Människa och miljö i medeltida Åbo


  • Marko Lamberg


The way pre-modern men and women spoke of locations within urban space casts light upon their relationship with other human beings as well as with physical nature surrounding them. This study focuses on the late medieval town of Turku (known as Åbo in Swedish) in Finland. In total, 115 genuine location descriptions can be found in the source material that deals with Turku in the period between 1355 and 1509. These documents refer to 289 spatial landmarks, including buildings, streets, institutions, humans as well as elements of physical space. The majority of the location descriptions can be found in documents written by professional scribes or religious clerks. However, these descriptions display considerable variation in terms of the choice of landmark and thus it is likely that they reflect the contemporaries’ actual parlance that, in all likelihood was not entirely accurately.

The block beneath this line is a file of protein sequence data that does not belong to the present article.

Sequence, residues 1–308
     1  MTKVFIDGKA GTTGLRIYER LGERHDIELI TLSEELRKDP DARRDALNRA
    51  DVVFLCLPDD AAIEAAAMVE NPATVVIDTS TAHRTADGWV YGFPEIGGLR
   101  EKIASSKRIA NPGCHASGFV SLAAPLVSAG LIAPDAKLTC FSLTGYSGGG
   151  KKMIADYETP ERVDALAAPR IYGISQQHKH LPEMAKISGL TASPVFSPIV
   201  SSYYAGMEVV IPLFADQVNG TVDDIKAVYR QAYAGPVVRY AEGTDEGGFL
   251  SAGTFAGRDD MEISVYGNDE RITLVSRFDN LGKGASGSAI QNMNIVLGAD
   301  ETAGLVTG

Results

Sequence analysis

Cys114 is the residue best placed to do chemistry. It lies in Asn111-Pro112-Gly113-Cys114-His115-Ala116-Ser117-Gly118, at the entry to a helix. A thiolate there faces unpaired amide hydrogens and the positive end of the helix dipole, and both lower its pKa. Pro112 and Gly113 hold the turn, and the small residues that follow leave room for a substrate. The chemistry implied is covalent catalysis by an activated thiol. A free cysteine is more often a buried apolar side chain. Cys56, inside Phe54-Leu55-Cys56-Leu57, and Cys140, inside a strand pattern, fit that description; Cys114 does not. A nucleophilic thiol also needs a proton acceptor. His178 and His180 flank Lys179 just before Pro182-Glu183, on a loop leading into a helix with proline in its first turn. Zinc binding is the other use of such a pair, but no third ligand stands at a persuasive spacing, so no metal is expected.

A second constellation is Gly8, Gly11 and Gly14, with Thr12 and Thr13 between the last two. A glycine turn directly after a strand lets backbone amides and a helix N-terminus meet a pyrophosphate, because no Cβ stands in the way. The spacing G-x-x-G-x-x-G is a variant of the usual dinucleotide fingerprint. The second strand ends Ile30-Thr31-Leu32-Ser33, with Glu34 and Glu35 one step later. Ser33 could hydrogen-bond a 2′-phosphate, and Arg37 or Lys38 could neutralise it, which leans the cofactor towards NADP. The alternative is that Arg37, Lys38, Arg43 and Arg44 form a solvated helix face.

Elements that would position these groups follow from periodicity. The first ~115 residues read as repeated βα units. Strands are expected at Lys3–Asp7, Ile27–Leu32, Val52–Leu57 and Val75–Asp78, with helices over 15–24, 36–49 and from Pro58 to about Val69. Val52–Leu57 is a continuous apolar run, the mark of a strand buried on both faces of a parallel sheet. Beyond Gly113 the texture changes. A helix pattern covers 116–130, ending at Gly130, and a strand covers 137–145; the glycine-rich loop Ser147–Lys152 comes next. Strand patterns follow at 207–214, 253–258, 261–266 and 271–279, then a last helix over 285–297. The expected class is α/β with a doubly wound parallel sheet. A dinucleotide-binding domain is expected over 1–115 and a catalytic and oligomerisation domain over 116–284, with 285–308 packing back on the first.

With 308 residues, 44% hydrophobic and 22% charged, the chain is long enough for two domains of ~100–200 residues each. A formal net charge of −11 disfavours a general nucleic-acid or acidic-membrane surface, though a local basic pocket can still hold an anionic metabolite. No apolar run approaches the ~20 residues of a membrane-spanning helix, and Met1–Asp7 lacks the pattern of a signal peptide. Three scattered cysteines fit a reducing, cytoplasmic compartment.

The location descriptions analysed in this study contain between 1 and 19 landmarks, with the average being 2.5 landmarks per description. Approximately 15% of the landmarks formed elements of the natural space, especially the river and a smaller stream that runs through the city. Approximately 22% of the landmarks consist of elements of man-made space, such as streets, buildings and the marketplace. Approximately 29% of the landmarks consist of references to humans. These individuals were current residents, previous owners of the properties in question or owners of neighbouring houses. The relatively imprecise mention of Turku is the most popular single landmark (17% of all landmarks). The rest of the landmarks represent several different categories, from toponyms to the measures of the spatial unit in question. References to other humans seem to have been relatively important, whereas the role of religious institutions and buildings, as well as the role of all public buildings, seem to have been surprisingly modest. Perhaps these structures in the spatial parlance imply an understanding of a medieval urban community as mainly being a human network with a collective memory.

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